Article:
By Jill Zorn
Connecticut Congresswoman Rosa DeLauro has introduced a bill called the “Responsibility in Drug Advertising Act,” which calls for a three-year moratorium on direct-to-consumer advertising of new medications approved by the Food and Drug Administration (FDA).
This all in an effort “to fight the rising cost of prescription drugs and protect consumers from misleading information.”
Although direct-to-consumer advertising is far from the only cause of rising prescription drug prices, it makes for an excellent target. Most countries ban this form of advertising — only the United States and New Zealand allow it.
While eliminating these ads altogether would be preferable, starting with a moratorium on advertising of new drugs makes sense. Newer drugs tend to be more expensive. They can also turn out to be unsafe, as some dangerous side effects don’t become evident until more people take the medications.
As one physician commentator put it:
These ads waste money through unnecessary prescriptions (and) lost appointment times for drugs the patient does not need… Companies advertise the latest and most expensive drugs when in many cases, older pharmaceuticals that are available in less expensive generic form may be just as good, if not better.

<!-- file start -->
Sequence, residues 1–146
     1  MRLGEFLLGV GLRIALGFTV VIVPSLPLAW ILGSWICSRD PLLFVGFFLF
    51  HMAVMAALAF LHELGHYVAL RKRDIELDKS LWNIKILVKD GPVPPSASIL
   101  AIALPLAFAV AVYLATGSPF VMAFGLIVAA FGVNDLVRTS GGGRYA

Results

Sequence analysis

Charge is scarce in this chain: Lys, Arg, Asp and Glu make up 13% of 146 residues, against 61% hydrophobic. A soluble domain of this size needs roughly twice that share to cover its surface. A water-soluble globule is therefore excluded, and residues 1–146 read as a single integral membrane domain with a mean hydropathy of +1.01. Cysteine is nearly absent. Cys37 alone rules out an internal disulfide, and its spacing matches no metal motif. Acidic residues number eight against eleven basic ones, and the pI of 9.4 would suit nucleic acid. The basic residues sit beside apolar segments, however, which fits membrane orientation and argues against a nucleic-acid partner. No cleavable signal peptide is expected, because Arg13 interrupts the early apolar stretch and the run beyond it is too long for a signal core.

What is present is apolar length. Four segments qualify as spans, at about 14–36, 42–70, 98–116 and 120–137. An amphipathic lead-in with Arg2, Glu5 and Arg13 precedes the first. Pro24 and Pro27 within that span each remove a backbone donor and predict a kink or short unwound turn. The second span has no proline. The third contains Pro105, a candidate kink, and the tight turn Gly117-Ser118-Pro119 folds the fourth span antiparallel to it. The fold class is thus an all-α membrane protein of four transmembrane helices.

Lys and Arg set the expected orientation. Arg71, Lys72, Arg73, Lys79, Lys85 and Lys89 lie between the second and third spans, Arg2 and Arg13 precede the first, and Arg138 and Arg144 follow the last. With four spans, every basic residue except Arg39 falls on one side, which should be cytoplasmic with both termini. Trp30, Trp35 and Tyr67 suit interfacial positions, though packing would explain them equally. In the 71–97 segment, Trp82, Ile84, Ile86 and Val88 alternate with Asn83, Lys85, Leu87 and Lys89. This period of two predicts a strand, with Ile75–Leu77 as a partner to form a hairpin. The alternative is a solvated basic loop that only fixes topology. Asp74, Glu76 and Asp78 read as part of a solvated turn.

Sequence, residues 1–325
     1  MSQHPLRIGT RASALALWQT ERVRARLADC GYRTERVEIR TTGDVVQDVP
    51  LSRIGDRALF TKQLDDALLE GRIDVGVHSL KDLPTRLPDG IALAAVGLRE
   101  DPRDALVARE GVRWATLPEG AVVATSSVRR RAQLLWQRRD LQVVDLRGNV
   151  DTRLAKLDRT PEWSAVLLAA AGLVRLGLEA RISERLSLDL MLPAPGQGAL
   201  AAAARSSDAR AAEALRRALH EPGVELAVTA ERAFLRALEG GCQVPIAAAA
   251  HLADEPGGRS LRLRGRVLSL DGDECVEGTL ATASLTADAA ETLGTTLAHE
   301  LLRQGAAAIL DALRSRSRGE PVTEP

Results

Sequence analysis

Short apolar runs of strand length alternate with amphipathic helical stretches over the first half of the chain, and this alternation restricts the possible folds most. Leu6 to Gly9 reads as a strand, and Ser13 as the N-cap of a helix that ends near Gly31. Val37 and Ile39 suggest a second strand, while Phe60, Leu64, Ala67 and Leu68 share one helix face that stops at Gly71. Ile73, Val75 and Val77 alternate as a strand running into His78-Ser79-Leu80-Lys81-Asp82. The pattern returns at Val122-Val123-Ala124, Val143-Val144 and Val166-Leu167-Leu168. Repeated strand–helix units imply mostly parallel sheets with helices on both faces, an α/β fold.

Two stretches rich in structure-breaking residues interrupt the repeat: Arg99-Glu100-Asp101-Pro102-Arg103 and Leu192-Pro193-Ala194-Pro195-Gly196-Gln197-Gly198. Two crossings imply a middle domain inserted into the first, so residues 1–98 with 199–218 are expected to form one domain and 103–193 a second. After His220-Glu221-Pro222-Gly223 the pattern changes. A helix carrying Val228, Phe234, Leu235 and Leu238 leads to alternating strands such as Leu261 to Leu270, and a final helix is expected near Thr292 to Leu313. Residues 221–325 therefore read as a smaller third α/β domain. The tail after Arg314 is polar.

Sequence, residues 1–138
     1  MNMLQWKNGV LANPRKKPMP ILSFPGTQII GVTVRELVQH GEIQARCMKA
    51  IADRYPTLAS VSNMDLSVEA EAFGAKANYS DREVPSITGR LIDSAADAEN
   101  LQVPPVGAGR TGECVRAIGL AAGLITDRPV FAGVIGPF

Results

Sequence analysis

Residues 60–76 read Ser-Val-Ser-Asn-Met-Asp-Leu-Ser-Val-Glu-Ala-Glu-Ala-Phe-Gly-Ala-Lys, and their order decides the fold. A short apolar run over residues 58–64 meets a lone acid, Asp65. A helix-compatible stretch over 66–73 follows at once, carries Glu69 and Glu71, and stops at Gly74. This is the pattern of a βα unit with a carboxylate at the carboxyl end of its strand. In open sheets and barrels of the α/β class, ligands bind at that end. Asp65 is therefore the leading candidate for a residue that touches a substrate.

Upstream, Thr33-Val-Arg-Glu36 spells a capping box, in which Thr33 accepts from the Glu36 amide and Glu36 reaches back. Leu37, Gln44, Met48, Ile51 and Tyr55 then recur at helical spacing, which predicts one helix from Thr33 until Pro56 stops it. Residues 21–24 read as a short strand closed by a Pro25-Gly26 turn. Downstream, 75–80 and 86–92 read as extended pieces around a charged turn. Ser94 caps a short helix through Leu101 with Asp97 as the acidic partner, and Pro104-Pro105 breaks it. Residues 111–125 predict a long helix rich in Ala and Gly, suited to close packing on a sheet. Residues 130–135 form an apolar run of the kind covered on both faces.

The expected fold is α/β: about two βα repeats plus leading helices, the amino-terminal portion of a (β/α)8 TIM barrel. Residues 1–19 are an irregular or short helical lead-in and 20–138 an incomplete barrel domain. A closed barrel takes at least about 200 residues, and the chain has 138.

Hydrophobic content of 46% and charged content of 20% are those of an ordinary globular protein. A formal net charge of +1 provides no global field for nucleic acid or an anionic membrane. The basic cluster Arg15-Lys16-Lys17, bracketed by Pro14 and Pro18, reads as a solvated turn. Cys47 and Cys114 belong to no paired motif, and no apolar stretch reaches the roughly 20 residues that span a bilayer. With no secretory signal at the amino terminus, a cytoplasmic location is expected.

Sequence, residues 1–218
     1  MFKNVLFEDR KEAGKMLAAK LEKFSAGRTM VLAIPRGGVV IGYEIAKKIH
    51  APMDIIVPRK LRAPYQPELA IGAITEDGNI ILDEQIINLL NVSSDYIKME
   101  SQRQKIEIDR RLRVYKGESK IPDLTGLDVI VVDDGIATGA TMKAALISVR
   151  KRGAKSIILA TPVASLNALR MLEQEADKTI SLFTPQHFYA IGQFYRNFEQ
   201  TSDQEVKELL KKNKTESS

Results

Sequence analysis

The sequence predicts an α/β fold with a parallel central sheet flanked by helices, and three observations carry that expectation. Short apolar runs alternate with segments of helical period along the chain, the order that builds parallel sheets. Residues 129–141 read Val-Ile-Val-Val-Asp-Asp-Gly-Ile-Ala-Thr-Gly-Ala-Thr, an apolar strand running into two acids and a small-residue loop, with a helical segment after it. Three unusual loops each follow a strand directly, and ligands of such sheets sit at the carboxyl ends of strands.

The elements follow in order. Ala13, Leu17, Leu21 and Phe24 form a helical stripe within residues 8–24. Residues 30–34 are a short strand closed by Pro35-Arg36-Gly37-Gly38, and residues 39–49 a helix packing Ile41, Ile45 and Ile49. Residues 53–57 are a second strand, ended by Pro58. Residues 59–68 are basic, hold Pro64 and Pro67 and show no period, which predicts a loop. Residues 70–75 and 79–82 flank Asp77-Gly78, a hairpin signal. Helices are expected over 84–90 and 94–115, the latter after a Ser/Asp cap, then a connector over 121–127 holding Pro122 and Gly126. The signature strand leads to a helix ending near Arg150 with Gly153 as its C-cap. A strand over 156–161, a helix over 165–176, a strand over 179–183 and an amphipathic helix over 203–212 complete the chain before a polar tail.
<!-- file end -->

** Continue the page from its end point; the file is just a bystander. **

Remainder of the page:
Last month, Rep. DeLauro, accompanied by state Comptroller Kevin Lembo, explained her bill at an event in Stratford, emphasizing that “…we should allow informed medical professionals, not advertising executives, to guide our health care spending.”
Lembo, who oversees the state employee health plan, concurred by saying, “Strong federal action will give patients and health plans like ours broad protection against aggressive and unsafe drug marketing.”
As pharmaceutical companies spend an outrageous $4.5 billion a year on these wasteful, harmful (and I might add annoying) ads, we can only hope that Congress will take action on this bill.
We’ll soon be writing about some state-level legislation that is being considered to address the problem of unaffordable medications.